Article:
If I’d lived through the 1940s, say a bit after that hideous war against fascism, then the Fellow I’d have asked on to the podium of RSL stage would have been G.V. Desani. Which is to say, Govindas Vishnoodas Desani, a joyous mouthful of mighty India. I say India but Mr G.V. Desani was born in Kenya, an African-Indian who wrote his novels and short stories about Indians in the English language. Mr Desani was a rude boy by all accounts because he was repeatedly expelled from school and ran away to Britain when he was 17 years of age. In essence, he became a British-Indian.

I describe Mr Desani in a somewhat comical manner because he was a mighty funny novelist, and his greatest novel, one of the greatest novels ever written in English, All About H. Hatterr, is a shape-shifter of a book; is it a novel or a very silly account about a spiritual person who encounters loads of silly experiences? Is the novel actually in English, yes, and well, no, not so, because its messed-up style recreates the way highly educated Indians spoke English: they would chuck in Latin, French, big fancy words alongside slang and whatever mix of English and non-English came to mind. This English is unofficially called Babu English. Here is an example from the funniest (OK, only funny if you get all the clever gags, which actually I don’t, not quite) book ever, the opening of the second chapter, about Mr H. Hatterr:

“An Oriental gent, whose only assets in the world were a sable fur coat and a genuine delight in information and learning, spent the better half of his life digging up a pyramid. He dug, because a seer had confided in him, that inside the pyramid was hidden stuff beyond man’s ken: many priceless diamonds! The task was super-human. But the feller carried on, and on, digging like kingdom come.”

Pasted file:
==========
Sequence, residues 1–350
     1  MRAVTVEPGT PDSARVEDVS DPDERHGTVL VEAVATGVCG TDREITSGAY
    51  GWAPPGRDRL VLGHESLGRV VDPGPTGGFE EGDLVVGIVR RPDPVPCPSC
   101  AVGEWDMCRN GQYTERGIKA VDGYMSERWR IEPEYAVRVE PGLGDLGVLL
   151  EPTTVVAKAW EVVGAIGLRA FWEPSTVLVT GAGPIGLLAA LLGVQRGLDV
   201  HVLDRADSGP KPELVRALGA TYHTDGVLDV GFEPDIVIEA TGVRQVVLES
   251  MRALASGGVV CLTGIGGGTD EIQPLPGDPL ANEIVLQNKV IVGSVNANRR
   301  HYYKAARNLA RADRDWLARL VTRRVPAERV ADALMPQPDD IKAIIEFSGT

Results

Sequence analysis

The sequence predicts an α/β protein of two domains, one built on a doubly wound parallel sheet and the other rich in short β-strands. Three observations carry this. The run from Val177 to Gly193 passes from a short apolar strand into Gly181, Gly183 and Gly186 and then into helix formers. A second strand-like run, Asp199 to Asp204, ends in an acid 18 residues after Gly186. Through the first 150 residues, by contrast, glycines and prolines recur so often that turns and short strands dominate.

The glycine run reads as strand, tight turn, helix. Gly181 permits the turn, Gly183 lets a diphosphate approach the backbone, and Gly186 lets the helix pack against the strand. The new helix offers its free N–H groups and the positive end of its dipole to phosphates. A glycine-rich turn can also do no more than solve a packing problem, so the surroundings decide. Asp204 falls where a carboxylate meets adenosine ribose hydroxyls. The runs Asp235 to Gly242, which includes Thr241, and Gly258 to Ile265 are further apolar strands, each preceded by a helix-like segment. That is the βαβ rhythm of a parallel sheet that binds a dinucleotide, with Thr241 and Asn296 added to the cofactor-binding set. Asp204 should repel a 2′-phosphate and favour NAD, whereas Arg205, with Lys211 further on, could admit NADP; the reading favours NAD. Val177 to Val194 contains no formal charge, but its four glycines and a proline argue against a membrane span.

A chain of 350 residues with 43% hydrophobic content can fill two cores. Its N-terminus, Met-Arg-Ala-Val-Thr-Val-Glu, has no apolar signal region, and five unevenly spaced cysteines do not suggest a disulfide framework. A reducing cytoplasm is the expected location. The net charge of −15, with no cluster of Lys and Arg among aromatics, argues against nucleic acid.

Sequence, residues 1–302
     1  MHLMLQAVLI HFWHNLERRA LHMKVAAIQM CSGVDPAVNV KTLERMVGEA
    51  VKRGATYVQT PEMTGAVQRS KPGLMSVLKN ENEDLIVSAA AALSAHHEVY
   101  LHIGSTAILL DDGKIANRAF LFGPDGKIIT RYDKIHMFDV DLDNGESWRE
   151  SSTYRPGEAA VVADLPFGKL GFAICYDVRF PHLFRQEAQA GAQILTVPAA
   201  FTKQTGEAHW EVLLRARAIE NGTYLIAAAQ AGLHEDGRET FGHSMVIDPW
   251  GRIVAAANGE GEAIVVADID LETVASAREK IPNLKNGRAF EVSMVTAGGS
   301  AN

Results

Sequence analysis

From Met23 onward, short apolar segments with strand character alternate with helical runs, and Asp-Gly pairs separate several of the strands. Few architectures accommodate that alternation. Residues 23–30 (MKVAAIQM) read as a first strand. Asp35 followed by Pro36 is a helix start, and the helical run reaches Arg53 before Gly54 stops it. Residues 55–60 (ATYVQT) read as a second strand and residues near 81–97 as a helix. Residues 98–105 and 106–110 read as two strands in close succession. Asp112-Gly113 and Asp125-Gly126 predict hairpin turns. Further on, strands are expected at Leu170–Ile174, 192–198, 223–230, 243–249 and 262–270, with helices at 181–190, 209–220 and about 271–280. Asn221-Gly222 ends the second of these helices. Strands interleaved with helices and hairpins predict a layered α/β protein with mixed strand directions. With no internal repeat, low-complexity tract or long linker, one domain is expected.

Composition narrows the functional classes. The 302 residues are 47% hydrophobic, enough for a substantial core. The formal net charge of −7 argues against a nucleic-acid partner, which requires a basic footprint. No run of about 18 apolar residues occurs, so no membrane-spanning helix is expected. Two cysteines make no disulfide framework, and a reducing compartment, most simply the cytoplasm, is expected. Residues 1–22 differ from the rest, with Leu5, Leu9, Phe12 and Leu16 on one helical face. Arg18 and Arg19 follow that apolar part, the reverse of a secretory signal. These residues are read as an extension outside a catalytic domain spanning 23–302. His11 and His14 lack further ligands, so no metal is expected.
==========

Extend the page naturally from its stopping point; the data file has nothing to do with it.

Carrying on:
You will notice, my beloved reader, how words from different sources are plunged alongside each other, the slangy ‘feller’ ‘ken’, formal ‘Oriental’, compound ‘super-human’, exclamatory style, and so on; indeed, my own use of fussy punctuation is an example of Babu English. The whole novel continues in this muckabout way with anecdote, factual details, digressions and whatnot for 300 joyous pages.

On publication T.S. Eliot, according to Wikipedia, said of the novel, “In all my experience, I have not met with anything quite like it. It is amazing…” Saul Bellow, a bleak writer, if ever there was one, said, Wikipedia again, “I love it”. Mr G.V. Desani could even cheer up the likes of Saul Bellow!

I know little of Mr G.V. Desani’s life but one story interests me because I’m about to visit my dentist after elevenses. Mr G.V. Desani had incredible white teeth, unheard of for a 1940s fella (to use his word), he loved his white teeth exceedingly; he visited his dentist frequently. When he travelled aboard, say around Europe and USA, he would seek out the finest dentist in the land to discuss with that dentist teeth.

If Mr G.V. Desani were to step up to the podium and sign his name in the Roll Book of RSL Fellows, I am certain we’d all applaud him: once for being a charming author and twice for his immaculate teeth, naturally white teeth, the envy of every author to have signed the RSL register.

Daljit Nagra

Daljit Nagra is Chair of the Royal Society of Literature, on the Council of The Society of Authors, Adviser to Poetry By Heart and Professor of English & Creative Writing at Brunel University. He has published four poetry collections and is the inaugural Poet in Residence for BBC Radio 4/4 Extra.

G.V. Desani

Govindas Vishnoodas Desani (1909-2000) was an actor, writer, journalist and university professor, born in Nairobi and educated in Karachi. In 1926, he arrived in England to work as a foreign correspondent with major news agencies, broadcasting in both Hindustani and in English.

Further reading

All About H. Hatterr (1948)
Hali: A Poetic Play (1950)
Hali and Collected Stories (1991)

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